The Truth About Wall Street from Warren Buffett

By Shlomo  Maital  


   Each year, legendary investor Warren Buffett, CEO of Berkshire Hathaway, writes a letter to shareholders, the mostly widely read document of its kind, as it has many pearls of wisdom – and of course, Buffett’s incredible track record gives him credibility.  You can easily download and read the whole thing.  I recommend it.  Here are some snippets, drawn from Andrew Ross Sirkin’s New York Times column on March 4:

      On Investment Bankers:  “…constantly urge acquirers (of companies) to pay 20 to 50 per cent premiums over market price….they tell the buyers the premium is justified for ‘control value’ …a few years later bankers – bearing straight faces – again appear and just as earnestly urge spinning off the earlier acquisition in order to ‘unlock shareholder value’.”   Sorkin comments “there are countless example of the build-it-up-and-tear-it-down phenomenon, like Hewlett Packard.”   Of course, investment bankers charge huge fees for this brilliant manipulation.   

      Any true redeeming social value in all this?  Buffett sees none and neither do I.

      On Wall St. in general:  “Money-shufflers don’t come cheap”.   Money shuffling.  Any true redeeming social value in this?   You won’t find it with an electron microscope.

     On private equity: “Equity is a dirty word for many private equity buyers;  what they love is debt. And because debt is currently so inexpensive these buyers can frequently pay top dollar. Later the business will be resold, often to another leveraged buyer. In effect, the business becomes a piece of merchandise.”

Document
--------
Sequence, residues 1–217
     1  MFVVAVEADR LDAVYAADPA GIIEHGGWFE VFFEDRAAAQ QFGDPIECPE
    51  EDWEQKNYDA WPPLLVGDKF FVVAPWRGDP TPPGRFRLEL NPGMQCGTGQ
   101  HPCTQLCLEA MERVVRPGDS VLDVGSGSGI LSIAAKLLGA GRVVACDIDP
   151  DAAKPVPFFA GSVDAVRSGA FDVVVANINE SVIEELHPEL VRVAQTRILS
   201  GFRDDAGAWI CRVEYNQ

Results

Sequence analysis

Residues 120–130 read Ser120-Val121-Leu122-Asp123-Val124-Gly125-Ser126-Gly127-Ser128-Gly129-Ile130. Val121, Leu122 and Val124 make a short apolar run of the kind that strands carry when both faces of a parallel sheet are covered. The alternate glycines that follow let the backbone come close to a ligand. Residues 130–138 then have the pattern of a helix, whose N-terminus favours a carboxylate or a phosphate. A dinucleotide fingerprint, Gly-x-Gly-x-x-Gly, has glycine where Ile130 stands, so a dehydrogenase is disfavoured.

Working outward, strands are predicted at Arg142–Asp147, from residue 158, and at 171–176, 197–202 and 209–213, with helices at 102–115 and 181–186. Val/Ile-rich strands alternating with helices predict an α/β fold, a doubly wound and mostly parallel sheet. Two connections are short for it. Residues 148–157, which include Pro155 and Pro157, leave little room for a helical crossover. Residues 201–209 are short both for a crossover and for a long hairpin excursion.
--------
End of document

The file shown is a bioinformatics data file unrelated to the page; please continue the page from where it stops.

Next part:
Sorkin quotes Buffett’s comparison of Berkshire Hathaway (which buys share and companies, and holds them, often forever) and other investment funds: “You can sell it to Berkshire and we’ll put it in the Metropolitan Museum…by itself, it’ll be there forever.  Or you can sell it to some porn shop operator, he’ll stick it up in the window and some other guy will come along in a raincoat and he’ll buy it.” 

     And yes, Buffett believes in real companies that make real stuff, like Heinz ketchup. 

     An enormous industry is thriving on the cheap money that American and European central banks are printing.  That money was supposed to finance real capital formation. Instead it is financing speculative money-shuffling, making big profits for the very people who crashed the world’s economy in 2008.  

    If you don’t believe me,  ask Warren Buffett.  Or read his letter.

Is there a Limit to Impatience?

By Shlomo  Maital  


  Ah, the younger generation.  The kids.  We older people all know,  the kids want it NOW!  They are impatient and they have very short attention spans.  The MTV generation loves super-fast images, that for us seniors are blurry and annoying.

 But hey!  This time they have gone too far.  It’s time to draw a line in the sand.

  Today’s New York Times (March 3) reports that John McEnroe and Patrick Rafter, tennis greats of the past, played an exhibition match in Australia.  Rafter won.  4-3, 4-1. 

   Wait. Run that by me again?  4-3, 4-1?   Don’t tennis matches go to six sets?  Always have, for over a century?  And at Wimbledon, they can go to 17 sets, or more?